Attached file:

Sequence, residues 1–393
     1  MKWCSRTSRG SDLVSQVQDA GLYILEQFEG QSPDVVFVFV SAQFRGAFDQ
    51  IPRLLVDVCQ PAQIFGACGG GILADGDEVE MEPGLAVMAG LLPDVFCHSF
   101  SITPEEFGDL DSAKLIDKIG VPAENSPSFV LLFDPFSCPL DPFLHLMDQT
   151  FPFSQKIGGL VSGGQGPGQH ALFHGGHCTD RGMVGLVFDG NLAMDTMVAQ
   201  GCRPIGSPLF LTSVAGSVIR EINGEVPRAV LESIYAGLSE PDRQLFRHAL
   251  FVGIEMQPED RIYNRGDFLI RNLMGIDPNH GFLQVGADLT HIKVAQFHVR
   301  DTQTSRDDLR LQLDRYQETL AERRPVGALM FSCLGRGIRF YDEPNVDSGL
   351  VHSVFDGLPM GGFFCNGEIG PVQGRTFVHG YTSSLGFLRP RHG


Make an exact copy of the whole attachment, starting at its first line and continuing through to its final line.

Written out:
Sequence, residues 1–393
     1  MKWCSRTSRG SDLVSQVQDA GLYILEQFEG QSPDVVFVFV SAQFRGAFDQ
    51  IPRLLVDVCQ PAQIFGACGG GILADGDEVE MEPGLAVMAG LLPDVFCHSF
   101  SITPEEFGDL DSAKLIDKIG VPAENSPSFV LLFDPFSCPL DPFLHLMDQT
   151  FPFSQKIGGL VSGGQGPGQH ALFHGGHCTD RGMVGLVFDG NLAMDTMVAQ
   201  GCRPIGSPLF LTSVAGSVIR EINGEVPRAV LESIYAGLSE PDRQLFRHAL
   251  FVGIEMQPED RIYNRGDFLI RNLMGIDPNH GFLQVGADLT HIKVAQFHVR
   301  DTQTSRDDLR LQLDRYQETL AERRPVGALM FSCLGRGIRF YDEPNVDSGL
   351  VHSVFDGLPM GGFFCNGEIG PVQGRTFVHG YTSSLGFLRP RHG